Don’t get me wrong, faith and friendship are great…but they can only take you so far. 

According to Ashley, it’s important to put aside thoughts of your interpersonal relationship and focus on how the collaboration will boil down professionally. 

“Friendship is not a helpful requirement for a co-host,” she says. “This is essentially a business arrangement—especially if you have plans to monetize—and just because someone is your friend doesn't mean they'll be a good business partner. 

“You should look for someone who complements your skills and weaknesses, is incredibly responsible and on top of things, and, hopefully, deals with conflict well. Chemistry on the mic is also super important, but that grows with time—I think it comes secondary to those other qualities.”

And once you’ve found that person, it’s important to document your goals for the show, the tasks you’re each responsible for, and do any risk mitigation right from the start.

“I think one important thing to do before you hit record is decide who owns the content,” says Natalie Eckdahl, business coach and host of the BizChix Podcast, the longest-running podcast for women entrepreneurs.

She continues, “You are creating a partnership, and so it needs to be decided what happens if the relationship does not work out or if one party wants to do something different. A partnership agreement is important.”

5. Give and receive constructive criticism

Collaboration on a creative project can make people a bit more sensitive than your average group project. Sharing creative ideas is a vulnerable act, and it can be hard not to take it personally when someone tells you your idea is no good.

If creative feedback is new to you, one of the best ways to approach a conversation that may feel awkward is to lead with the positive, kindly explain the potential negatives, and offer your help if—and if is the keyword here—the person would like it. 

If you’re critiquing your co-host’s speech tics or weird turns of phrase (we all have them!), their interviewing skills, or anything else they may feel sensitive about, approach the conversation kindly and directly. The more and more you both practice the skill of commenting on each other’s work, the easier it will be to do it, and the more you’ll come to appreciate their candor.

This is one of the reasons that Cody appreciated having a co-host. “There were many, many times when Ashley would tell me to re-read a sentence and place the emphasis on a different word, and I wasn't afraid to give her notes, either. We trusted each other to give constructive direction because we knew we were on the same team working towards the same goal. And because both of our names and faces were attached to [the podcast], the most logical course of action was to support one another and do whatever we could to make it sound as good as possible.”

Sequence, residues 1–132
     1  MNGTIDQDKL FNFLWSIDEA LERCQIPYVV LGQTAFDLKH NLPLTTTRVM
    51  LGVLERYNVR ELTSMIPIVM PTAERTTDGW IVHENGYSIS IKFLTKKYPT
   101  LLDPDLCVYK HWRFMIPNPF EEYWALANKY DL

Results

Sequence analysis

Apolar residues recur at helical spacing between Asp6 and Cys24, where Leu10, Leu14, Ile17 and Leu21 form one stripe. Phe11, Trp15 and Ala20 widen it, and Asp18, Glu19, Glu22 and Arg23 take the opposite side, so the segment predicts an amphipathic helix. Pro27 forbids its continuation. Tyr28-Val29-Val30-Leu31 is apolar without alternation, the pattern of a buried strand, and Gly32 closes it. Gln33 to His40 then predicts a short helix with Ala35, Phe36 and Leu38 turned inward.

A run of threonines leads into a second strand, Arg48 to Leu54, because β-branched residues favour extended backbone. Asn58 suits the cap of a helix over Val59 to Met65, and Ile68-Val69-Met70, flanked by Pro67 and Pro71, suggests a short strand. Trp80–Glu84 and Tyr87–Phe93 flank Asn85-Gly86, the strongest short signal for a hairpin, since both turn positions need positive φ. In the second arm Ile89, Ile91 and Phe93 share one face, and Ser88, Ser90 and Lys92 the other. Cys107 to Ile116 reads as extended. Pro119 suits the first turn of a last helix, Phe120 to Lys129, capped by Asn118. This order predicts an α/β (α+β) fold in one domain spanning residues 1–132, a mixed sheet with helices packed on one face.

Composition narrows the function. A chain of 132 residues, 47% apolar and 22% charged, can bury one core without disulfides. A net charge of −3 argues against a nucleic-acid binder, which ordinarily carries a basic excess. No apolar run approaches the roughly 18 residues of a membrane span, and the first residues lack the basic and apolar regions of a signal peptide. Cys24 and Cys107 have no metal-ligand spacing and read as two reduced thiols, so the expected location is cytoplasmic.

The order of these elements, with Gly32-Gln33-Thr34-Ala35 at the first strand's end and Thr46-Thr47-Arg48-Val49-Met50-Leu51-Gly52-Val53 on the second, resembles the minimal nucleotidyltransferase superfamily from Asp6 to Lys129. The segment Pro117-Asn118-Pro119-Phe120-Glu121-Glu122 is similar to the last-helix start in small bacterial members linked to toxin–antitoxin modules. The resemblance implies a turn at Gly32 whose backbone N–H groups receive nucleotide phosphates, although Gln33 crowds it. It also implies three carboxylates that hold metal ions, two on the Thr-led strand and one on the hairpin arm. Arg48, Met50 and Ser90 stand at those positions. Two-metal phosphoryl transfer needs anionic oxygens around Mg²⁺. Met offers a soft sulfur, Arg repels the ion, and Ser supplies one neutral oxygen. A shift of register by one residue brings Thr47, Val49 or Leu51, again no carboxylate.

Cody Gough and Ashley Hamer are the former co-hosts of Curiosity Daily

Creative feedback isn’t the only way co-hosts can help you improve as a podcaster. Just observing what your co-host does well can help you sharpen your own skills, too. One of Rob’s early lessons from co-hosting came straight from an observation he made about Kira’s strengths. 

“Initially, for the first ten episodes or so, I was following a question set that I had. I wasn't really listening to the guests. But I noticed that Kira was asking really good questions,” Rob says. “So I had to ask myself ‘Why? What's the difference between the questions she's asking and the way guests are answering those questions?’ And I realized that she was listening for interesting things that the guests were sharing, not just [using] the questions we had planned. If I didn’t have a co-host, I may never have learned that lesson. I might still be asking the same 20 questions or so that I had in those first 10 episodes.”

6. Remember that you’re teammates

Now, even with the best prep work and communication, you have to expect that at some points in the evolution of the podcast, there’s going to be some type of conflict between co-hosts. And that’s okay.

“The thing that always helped me find a solution to [a conflict] was to remind myself that we're on the same team,” says Ashley. “We both want the show to be the best it can be; we're just differing on what exactly will get us there. Honestly, that line of thinking has helped me in my marriage and parenting, too. It's helpful across the board!”

So if you’re thinking about co-hosting as a possibility for your podcast, the best person you can work with is someone who sees you as a teammate, who values your role and contributions, and who is going to push and encourage you as you grow and shape the podcast together.